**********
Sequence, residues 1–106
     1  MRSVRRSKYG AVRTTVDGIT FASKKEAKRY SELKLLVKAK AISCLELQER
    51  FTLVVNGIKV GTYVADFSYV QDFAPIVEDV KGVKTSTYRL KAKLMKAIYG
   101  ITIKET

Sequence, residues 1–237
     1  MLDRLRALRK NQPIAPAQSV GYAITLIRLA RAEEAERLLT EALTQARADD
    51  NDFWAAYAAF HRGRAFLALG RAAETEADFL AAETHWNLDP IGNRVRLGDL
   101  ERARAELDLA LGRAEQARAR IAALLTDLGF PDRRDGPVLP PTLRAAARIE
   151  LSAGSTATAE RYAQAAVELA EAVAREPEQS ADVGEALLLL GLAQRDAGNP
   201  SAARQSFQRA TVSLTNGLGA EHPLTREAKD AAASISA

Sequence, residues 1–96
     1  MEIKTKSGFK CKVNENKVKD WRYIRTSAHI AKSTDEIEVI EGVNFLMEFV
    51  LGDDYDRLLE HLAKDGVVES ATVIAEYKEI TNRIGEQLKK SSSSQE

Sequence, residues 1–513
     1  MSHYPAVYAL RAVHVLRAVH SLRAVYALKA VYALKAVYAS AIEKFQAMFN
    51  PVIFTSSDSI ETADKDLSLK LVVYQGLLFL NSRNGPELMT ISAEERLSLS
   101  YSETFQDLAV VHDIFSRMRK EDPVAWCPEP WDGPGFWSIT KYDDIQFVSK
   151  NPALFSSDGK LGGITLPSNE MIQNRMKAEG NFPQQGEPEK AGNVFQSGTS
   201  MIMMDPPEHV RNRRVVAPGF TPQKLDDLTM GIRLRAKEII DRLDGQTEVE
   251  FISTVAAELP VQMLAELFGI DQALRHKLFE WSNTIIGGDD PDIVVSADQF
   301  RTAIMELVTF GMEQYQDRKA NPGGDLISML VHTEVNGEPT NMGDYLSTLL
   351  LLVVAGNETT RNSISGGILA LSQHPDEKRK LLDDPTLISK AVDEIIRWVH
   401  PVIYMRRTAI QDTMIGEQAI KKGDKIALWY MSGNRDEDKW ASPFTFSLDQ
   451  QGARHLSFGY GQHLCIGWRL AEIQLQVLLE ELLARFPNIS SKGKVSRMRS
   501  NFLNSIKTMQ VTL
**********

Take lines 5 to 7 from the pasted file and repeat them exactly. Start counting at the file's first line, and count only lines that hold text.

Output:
Sequence, residues 1–237
     1  MLDRLRALRK NQPIAPAQSV GYAITLIRLA RAEEAERLLT EALTQARADD
    51  NDFWAAYAAF HRGRAFLALG RAAETEADFL AAETHWNLDP IGNRVRLGDL